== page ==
The division of housework in the UK is still very gendered, with women doing a larger share, according to research by Cheti Nicoletti and Danilo Cavapozzi, to be presented at the Royal Economic Society's annual conference at the University of Warwick in April 2019.
Their study finds that even when both the woman and the man in a married or cohabiting couple have a paid job, the housework share is higher for women in 63% of cases and for men in only 10% of cases.
One could think that this gendered housework share is explained by gender differences in the level of satisfaction derived from doing housework. Nevertheless, when women and men are asked to report their level of satisfaction with different housework shares, they both prefer an equal share and dislike an unfair distribution of housework.
The larger housework share for women can be explained by gaps between the two partners in wages and in working hours in their jobs. The study confirms that this explains in part why women do more housework. But the researchers also find that women tend to do more housework even when they work the same or more hours in their job than their partner or when they earn more than their partner.
What also matters in explaining the share of housework between partners is the existence of social norms about the role of women in society. The study finds that the way that couples share their housework is significantly influenced by gender norms shared by peers with a similar background.
The researchers measure these gender norms shared by peers by looking at their gender role attitudes, which they quantify by asking people to answer questions of the type: ‘Do you agree that all in all, family life suffers when the woman has a full-time job’; ‘Do you agree that a husband's job is to earn money’; and ‘Do you agree that a wife's job is to look after the home and family?’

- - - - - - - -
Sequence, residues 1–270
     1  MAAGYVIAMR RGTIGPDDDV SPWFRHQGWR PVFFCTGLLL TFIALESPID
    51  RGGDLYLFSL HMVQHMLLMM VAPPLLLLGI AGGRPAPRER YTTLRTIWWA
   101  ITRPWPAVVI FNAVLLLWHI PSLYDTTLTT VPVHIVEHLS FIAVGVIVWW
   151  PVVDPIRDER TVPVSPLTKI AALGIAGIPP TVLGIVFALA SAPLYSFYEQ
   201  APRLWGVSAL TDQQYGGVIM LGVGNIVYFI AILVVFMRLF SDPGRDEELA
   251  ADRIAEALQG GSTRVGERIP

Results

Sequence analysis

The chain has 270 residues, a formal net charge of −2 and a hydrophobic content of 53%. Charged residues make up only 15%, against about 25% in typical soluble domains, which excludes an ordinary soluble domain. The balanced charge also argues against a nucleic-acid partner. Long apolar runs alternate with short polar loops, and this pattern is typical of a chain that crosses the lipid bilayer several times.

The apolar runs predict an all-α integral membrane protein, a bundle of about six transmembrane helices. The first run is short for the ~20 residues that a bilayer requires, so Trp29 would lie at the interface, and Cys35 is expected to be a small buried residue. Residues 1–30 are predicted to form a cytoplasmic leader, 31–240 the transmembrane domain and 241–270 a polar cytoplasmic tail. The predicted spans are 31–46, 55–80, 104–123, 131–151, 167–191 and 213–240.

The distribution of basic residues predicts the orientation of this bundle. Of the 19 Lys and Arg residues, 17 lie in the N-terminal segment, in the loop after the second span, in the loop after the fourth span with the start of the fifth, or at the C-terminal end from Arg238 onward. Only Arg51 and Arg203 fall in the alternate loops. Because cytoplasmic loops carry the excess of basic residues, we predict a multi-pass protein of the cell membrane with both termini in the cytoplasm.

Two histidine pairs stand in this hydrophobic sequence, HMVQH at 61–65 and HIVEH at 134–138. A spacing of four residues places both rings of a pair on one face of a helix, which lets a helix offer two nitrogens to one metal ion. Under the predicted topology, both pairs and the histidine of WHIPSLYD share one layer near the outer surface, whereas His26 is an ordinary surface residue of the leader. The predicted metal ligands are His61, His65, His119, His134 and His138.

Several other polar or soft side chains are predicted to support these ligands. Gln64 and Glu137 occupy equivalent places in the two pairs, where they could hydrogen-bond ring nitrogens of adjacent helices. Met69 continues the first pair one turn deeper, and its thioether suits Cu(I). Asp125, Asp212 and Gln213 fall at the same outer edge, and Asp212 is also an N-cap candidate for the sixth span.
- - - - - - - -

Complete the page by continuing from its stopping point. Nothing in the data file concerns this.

The empirical results show that the housework share between partners is affected by the gender role attitudes of their peers. Couples with peers who have a much more liberal and progressive view of the role of women in society tend to have a more equal housework share, whereas women tend to do more housework than men in couples with peers with a more traditional and conservative view.
This suggests that there is a psychological cost in choosing housework arrangements between partners that differ from the gender norms shared by peers.
If it were possible to change the gender role attitudes of all people by about 25% to make society more progressive and liberal, the study predicts that the distribution of housework between partners would become almost symmetric with about 20% of men doing more housework, about 20% of men doing less housework and the remaining 60% of men sharing the housework equally with their partner.
Cheti Nicoletti concludes:
‘Unfortunately, gender role attitudes seem to change very slowly across time so an equal housework share between partners is something that might still take some decades.’
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